Peter Welcher offers advice on what to consider when developing a DR strategy.
Disaster recovery is one of those important things that seldom seems to get the attention it deserves. My experience is that most large organizations, and some smaller organizations, have disaster recovery plans that at least get partial testing.
But then, there are small to medium-sized organizations that are storing backups in some form offsite, but have not yet gotten around to having a DR site, for financial or other reasons. The NetCraftsmen team recently rallied around to support a customer that got lucky in that regard (transformer blew, water and smoke damage).
Subsequently, I had the opportunity to discuss priorities and overall uptime and DR strategy with a regional hospital customer, and the topic arose there. There were many Single Points of Failure and other things for the hospital team to address. Compared to that list of urgent actions, setting up an actual DR site looked like it might be a lower priority. We had a good discussion, and I’d like to share some of my thoughts coming out of it.
Minimal “ad hoc” DR plans seem to come down to:
- Protect data with some form of offsite backup
- If the worst happens, we’ll find some space, write a big check for gear, and be back up and running in a few days
Well, that’s all well and good, but what about lead time? Specifically, if you don’t already have enough space for racks, server, storage, and network gear, it can take time to find suitable space, get funding approved, sign the lease, get the space prepped for occupancy, etc. Similarly, if that space doesn’t already have sufficient power for all that gear, it can take time to get power into the space, and time to get the electrical work done, buy and install UPS systems and PDU’s, etc. Ditto HVAC – all that power will generate heat.
There’s also connectivity. If you have customers, you probably need internet connectivity for web services. You’ll probably also need WAN or MAN connectivity from the new DR site back to the main building or the WAN/MAN to other sites. Since “service provider provisioning” is synonymous with “slow” (if not “very slow”), that’s more lead time. You might be able to simplify things by being prepared to use VPN over the Internet for your DR WAN, assuming any remote sites have Internet routers or firewalls with VPN capability and capacity.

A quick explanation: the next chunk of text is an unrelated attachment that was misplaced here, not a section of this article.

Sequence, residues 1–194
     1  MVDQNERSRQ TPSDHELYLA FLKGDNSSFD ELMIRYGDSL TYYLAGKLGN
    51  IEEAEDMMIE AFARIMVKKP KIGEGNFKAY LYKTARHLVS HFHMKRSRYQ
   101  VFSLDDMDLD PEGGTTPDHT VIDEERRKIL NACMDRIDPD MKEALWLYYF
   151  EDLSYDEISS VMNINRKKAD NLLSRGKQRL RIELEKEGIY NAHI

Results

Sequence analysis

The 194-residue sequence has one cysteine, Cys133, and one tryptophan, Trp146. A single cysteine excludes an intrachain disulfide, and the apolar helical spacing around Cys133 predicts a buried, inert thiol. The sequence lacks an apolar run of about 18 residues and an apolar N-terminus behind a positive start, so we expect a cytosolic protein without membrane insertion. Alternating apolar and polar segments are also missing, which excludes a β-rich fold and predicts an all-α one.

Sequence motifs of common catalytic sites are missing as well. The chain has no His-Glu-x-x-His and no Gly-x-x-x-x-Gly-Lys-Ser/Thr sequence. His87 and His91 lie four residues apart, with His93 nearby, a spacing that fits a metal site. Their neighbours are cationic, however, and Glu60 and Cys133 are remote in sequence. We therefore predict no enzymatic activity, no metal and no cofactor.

I recommend getting the long lead-time tasks knocked out in advance, even if you aren’t going any further. If you choose your DR site well, you might be able to use it for offsite backup as well – or in the case of a hospital, archival of old PACS images, etc.
For small-ish businesses “duplicate what we had” might be the simplest way forward, if actually activating the DR site. That does require you have a good inventory of installed gear, on hand from before the DR event! Having it stored on a server in the datacenter that just went away – that would be a major oops!
Should there then be a need for DR, your “lukewarm” site could be activated. That assumes you think your business can afford the remaining downtime while racks, servers, and network gear are ordered, shipped, and installed. At least this way, the lead time would be a couple of weeks, rather than a month-plus.
Is there a better way?
There is, of course, a tantalizing alternative: cloud. The lead-time element there is establishing payment and familiarization/planning. If your key apps are latency-intolerant, or require bare metal servers, cloud might not be workable. If you want to replicate your datacenter rapidly, well, there are virtual routers and firewalls you could leverage. Switches, not so much; you’d need to think in terms of replicating VLANs and VRFs. The UnderArmour talk at CiscoLive covered a couple of the workarounds you may need to consider.